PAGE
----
the lower stage of the Middle Devonian system (period). The Eifelian was established in the Eifel Mountains (in what is now the Federal Republic of Germany) in 1848 by the Belgian geologist A. Dumont. The stratotype of the Eifelian is represented chiefly by marls. In the Ardennes of Belgium it corresponds approximately to the shales of the Couvinian stage of J. d’Omalius d’Halloi, whose base is stratigraphically lower than the base of the Eifelian.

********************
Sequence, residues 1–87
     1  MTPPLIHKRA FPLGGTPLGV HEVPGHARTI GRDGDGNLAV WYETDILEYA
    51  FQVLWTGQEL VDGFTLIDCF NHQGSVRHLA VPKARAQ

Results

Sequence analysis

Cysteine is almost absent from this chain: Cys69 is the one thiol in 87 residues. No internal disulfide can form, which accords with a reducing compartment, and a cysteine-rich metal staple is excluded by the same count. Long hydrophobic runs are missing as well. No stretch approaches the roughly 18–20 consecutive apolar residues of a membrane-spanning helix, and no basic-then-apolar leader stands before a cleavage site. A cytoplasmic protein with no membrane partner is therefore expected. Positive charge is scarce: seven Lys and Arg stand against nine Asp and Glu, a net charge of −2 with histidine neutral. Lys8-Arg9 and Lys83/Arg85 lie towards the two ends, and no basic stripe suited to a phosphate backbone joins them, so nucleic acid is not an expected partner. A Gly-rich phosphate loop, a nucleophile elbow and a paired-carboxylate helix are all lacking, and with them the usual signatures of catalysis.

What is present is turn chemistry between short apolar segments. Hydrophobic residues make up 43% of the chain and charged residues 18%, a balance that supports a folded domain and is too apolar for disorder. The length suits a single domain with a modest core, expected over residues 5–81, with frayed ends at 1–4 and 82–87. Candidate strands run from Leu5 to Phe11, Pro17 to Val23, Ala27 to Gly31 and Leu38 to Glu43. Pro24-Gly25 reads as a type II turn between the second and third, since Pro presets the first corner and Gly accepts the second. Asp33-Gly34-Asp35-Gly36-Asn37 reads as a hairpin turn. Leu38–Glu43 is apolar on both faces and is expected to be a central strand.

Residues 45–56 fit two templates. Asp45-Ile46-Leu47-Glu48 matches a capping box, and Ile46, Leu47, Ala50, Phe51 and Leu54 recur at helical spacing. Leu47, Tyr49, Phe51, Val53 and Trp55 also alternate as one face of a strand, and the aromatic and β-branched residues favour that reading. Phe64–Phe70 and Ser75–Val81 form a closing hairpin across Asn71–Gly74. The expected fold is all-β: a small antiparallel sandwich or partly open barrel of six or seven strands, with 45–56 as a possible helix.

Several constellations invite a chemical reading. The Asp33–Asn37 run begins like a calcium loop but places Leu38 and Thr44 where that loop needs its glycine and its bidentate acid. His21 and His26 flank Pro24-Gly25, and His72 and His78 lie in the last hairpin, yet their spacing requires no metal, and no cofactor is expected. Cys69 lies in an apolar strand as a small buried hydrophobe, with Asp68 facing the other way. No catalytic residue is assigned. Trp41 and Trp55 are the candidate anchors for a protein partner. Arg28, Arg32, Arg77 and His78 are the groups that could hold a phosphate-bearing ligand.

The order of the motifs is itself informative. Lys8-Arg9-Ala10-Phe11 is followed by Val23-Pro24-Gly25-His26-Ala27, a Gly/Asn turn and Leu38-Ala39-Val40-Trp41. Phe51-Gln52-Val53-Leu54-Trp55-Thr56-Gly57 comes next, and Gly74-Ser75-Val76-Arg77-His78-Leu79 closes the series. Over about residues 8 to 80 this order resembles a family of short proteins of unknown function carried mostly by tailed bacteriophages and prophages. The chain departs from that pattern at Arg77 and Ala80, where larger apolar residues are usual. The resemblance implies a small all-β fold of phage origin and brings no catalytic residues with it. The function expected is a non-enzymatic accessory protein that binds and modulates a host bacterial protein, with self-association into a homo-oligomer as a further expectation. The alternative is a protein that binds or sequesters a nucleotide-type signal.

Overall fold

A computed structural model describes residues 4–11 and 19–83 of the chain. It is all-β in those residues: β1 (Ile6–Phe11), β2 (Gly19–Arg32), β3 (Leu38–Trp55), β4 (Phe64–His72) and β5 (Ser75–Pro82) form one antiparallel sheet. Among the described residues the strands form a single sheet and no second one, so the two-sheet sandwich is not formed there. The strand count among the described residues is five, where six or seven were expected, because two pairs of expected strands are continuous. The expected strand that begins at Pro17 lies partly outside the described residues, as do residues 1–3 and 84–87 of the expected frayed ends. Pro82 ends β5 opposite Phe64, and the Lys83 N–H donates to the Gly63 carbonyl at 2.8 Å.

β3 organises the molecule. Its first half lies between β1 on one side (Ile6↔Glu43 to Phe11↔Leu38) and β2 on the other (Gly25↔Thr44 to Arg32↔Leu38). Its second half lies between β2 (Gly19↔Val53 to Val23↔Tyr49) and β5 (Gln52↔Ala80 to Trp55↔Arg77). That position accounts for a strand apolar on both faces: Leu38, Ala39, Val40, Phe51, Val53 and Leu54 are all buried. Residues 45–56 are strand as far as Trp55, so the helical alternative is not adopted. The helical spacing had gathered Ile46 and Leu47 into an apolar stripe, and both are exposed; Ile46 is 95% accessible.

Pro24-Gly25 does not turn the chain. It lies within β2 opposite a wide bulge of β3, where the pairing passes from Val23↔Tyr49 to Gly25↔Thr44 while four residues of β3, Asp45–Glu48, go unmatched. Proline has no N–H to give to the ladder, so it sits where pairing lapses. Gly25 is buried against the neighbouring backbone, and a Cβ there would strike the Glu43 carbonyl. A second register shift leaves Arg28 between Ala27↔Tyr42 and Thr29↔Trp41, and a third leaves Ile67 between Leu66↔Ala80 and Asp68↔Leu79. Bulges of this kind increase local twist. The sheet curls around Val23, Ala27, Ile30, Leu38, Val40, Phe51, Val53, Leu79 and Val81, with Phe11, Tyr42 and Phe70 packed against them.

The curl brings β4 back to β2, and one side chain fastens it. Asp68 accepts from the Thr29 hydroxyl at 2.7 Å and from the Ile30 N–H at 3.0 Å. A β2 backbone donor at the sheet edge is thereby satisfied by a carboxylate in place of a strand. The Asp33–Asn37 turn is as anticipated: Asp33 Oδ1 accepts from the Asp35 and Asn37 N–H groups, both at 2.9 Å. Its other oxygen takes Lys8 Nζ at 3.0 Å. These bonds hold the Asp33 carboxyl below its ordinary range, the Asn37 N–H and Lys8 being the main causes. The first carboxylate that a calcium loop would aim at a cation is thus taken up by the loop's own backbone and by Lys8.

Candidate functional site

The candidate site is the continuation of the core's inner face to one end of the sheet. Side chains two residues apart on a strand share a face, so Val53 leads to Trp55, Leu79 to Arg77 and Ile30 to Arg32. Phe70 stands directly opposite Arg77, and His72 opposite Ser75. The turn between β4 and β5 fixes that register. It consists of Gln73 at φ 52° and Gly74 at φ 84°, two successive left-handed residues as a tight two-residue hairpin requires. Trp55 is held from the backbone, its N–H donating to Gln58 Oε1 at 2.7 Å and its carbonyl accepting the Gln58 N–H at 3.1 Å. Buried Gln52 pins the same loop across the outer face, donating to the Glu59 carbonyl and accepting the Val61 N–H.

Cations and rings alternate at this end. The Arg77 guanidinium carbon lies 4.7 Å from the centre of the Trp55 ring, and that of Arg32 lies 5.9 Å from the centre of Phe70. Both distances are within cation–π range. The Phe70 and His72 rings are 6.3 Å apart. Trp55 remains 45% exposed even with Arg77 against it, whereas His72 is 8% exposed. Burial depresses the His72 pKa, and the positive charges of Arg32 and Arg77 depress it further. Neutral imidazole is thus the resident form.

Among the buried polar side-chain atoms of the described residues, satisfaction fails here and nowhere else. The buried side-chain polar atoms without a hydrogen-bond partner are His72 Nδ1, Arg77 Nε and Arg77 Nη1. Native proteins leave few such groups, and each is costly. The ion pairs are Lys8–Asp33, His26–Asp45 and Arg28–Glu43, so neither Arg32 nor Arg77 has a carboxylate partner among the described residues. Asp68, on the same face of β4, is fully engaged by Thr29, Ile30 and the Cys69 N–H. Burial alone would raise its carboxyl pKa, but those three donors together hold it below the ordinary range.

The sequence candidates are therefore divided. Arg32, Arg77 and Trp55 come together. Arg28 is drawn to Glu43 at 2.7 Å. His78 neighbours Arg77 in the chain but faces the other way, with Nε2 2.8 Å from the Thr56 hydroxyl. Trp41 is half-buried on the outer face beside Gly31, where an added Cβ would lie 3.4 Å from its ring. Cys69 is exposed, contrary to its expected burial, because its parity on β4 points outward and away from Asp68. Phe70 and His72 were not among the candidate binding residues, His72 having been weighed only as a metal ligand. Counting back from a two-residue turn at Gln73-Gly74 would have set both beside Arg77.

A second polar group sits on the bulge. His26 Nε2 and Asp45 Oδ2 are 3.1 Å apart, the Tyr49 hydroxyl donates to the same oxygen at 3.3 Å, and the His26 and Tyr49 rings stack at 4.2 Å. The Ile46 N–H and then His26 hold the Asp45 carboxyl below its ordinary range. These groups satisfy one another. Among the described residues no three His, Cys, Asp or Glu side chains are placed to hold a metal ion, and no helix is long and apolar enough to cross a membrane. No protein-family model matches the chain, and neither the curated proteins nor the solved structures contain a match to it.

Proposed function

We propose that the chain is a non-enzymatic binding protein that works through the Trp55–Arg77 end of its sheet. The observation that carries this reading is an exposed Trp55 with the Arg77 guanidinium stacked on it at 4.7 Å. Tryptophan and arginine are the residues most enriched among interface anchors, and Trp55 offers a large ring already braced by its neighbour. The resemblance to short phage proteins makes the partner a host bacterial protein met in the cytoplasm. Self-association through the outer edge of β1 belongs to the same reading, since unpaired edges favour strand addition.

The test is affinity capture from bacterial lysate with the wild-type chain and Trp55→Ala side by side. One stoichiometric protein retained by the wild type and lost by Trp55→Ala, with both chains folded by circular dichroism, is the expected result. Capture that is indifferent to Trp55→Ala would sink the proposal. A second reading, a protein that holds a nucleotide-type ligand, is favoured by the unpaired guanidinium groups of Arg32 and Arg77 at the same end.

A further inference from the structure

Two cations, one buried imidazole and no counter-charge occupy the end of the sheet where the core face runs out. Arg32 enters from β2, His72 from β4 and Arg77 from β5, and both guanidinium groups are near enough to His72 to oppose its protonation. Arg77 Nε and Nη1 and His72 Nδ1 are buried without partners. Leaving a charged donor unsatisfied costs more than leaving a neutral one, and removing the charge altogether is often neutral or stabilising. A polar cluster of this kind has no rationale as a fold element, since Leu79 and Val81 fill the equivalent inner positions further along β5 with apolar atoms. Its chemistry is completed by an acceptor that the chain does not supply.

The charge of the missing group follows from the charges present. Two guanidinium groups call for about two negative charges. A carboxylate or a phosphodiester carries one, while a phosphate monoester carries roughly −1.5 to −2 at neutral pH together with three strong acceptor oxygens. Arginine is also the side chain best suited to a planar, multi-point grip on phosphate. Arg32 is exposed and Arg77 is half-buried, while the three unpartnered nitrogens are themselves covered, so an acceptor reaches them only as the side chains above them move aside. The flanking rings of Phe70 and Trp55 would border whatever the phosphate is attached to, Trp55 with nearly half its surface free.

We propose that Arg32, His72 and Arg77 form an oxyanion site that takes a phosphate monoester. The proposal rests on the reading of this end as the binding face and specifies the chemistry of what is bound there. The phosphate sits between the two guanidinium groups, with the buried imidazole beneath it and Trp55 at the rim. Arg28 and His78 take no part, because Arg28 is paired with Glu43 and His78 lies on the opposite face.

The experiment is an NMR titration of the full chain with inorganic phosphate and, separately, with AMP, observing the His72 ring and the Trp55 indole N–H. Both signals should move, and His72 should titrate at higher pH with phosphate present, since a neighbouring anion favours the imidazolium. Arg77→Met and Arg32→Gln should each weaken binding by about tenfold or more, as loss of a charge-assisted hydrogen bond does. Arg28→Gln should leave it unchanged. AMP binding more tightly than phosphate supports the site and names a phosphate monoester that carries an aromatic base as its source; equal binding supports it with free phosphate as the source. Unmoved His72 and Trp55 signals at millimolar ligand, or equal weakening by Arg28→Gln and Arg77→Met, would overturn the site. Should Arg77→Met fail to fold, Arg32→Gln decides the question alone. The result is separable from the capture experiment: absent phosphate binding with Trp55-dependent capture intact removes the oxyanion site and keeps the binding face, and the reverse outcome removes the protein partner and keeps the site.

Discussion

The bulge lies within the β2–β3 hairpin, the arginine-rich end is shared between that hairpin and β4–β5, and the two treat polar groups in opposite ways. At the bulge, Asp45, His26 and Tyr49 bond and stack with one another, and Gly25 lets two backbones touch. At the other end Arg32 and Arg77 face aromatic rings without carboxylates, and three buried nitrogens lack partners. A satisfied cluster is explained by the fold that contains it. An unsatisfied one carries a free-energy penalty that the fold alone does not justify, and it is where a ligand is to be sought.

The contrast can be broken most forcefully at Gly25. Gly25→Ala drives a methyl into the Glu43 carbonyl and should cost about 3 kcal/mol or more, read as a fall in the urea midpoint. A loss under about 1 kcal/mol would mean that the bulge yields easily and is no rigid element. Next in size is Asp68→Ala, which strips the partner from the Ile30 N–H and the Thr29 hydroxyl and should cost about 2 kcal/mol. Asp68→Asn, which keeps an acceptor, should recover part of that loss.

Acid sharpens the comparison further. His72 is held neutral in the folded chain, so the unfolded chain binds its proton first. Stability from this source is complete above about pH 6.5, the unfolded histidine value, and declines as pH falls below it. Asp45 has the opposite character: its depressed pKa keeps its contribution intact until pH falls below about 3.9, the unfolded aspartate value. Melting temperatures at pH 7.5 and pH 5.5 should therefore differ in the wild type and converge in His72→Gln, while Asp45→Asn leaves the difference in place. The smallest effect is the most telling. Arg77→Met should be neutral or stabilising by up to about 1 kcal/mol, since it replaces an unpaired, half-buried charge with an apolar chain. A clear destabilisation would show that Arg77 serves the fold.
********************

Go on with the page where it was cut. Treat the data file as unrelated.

In the USSR the Eifelian (Couvinian) is taken to be more inclusive than in the stratotype and includes the analogues of the Zlihovian stage of Czechoslovakia and the upper part of the Em-sian stage of the Rhine region. The Eifelian, which is divided into two substages, is widespread and represented by various rocks, such as marine carbonate and terrigenous rocks, evaporites, continental detrital rocks, and effusive rocks. In the USSR, complex ores, bauxites, iron, manganese, titanium, petroleum, rock salt, and other mineral products are associated with Eifelian beds.